'This Is Us' Delivered Yet Another Twist About Jack's Death Right Off The Bat

Ron Batzdorff/NBC

Major spoilers ahead for the Super Bowl episode of This Is Us (series writing: Kay Oyegun). Though many of us fans thought we knew what to expect when it came to the Feb. 4 episode, This Is Us threw us for a loop yet again. It turns out that Jack didn't die in the house fire on This Is Ushe made it out alive, but badly burned and appearing to have inhaled a lot of smoke. As some people had previously speculated, Jack did head back into the flames to retrieve Kate’s dog, who was on the ground floor where the fire started, while the rest of the family got out from an upstairs window, but he still made it out of the house. Of course, he still died. Just in a very different way.

At first, in what was truly a wonderful and heartbreaking moment in one, Rebecca, Randall, and Kate watched Jack walk out the smoky front door, dog in tow, and safe from the fire. What could have been a devastating yet clear-cut death became a lot more complicated. Ultimately, the fact that Jack ran back inside for the dog meant he was in the house considerably longer than the rest of the Pearson clan, and he inhaled a lot more smoke. He also sustained burns when the rest of the family didn’t — he held up a mattress to block himself and Kate from the fire as they tried to make it to the other side of the house, where the severity of the jump out the window was cut down by the presence of an awning.

Jack made it all the way to the ambulance — to the hospital — giving viewers a horrifying and knowingly undeserved glimmer of hope. It was kind of like the feeling I get when I watch Titanic for the billionth time and convince myself that, perhaps, this time, Jack and Rose will both evacuate successfully and lead a long and happy life together. We know it’s not going to happen, but we unreasonably and wrongly hope for the heartbreaking storyline we’ve come to expect will somehow pan out a different way. We’ve been warned and warned for months and months to prepare ourselves for Jack’s death, but somehow, seeing him walk out of the Pearson house relatively unscathed was some new kind of torture.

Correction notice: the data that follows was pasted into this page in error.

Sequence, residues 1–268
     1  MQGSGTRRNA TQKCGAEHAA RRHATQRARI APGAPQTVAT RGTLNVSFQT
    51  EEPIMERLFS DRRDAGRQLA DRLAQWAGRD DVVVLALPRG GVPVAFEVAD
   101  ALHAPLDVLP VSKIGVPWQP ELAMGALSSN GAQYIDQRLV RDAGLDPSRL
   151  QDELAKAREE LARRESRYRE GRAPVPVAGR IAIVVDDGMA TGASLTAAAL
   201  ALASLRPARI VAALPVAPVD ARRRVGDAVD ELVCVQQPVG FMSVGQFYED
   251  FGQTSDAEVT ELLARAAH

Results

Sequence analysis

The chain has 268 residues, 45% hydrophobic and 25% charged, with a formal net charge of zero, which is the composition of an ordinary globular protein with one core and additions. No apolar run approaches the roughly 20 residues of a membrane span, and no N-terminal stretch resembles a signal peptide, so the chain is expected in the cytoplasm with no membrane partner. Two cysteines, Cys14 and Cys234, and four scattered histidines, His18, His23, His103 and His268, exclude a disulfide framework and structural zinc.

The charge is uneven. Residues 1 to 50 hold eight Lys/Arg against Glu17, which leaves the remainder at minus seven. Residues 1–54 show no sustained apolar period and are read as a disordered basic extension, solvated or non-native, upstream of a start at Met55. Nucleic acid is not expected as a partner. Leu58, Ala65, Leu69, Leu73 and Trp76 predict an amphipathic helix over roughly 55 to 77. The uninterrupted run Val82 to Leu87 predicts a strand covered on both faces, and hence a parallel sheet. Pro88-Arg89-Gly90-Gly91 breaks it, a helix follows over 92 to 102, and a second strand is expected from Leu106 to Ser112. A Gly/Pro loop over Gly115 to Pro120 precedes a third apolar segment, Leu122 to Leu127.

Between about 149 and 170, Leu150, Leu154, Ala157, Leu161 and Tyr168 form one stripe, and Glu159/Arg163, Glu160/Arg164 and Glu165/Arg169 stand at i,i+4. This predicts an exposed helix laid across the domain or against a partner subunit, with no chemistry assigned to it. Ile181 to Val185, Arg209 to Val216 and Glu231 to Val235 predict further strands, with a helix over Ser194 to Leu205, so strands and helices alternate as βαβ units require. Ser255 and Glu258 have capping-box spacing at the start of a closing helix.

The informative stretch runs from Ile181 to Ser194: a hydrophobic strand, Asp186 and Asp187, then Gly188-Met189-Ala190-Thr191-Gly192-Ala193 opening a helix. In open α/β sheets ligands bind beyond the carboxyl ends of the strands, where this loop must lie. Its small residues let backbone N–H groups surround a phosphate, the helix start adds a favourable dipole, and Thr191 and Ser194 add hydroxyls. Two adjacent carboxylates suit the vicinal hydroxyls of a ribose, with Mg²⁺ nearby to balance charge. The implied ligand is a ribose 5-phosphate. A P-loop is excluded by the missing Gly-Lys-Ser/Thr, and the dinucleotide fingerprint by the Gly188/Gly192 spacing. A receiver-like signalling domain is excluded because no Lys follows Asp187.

The aftermath of the episode was pretty familiar — viewers had seen glimpses of it before, but the show fleshed it out in a beautiful and mournful way. Viewers saw Rebecca learning about Jack's death just moments after doctors were frantically summoned behind her to run to his aid. He tragically died of a heart attack after sustaining smoke inhalation that forced his lungs to work harder and, in turn, his heart. He died alone while Rebecca was at the vending machine. It was, in a word, awful.

We also saw the moment Rebecca delivered the earth shattering news to Jack's best friend, Miguel, before gathering her strength and composure to be strong for her children as she delivered the bombshell to two of them.

Ron Batzdorff/NBC

One of the bottom lines of the post-Super Bowl episode of This Is Us is that Mandy Moore absolutely delivered. She showcased an astonishing and moving performance as she walked Rebecca through such a devastating moment, and it continued throughout the episode. We were with her, as viewers, through all of it, but it felt like more than that. It was raw and real, and anchored viewers through the horrifying turn of events.

The season still has plenty left to come, and showrunners will likely continue to explore the aftermath of Jack's death. At least now, though, viewers can have some semblance of closure. We know that there was a fire, and we know that Jack went back inside to save Kate's dog, which is presumably why she blames herself for his death. We also know he made it to the hospital and pulled a full-on Grey's Anatomy Mark Sloan, seeming like he was battered but enduring after a tragedy, before ultimately suffering cardiac arrest and meeting his end. In the episodes to follow, fans will hopefully get some more details about the situation. They'll also likely stick with the Pearsons through their continued recovery, just as they recover themselves.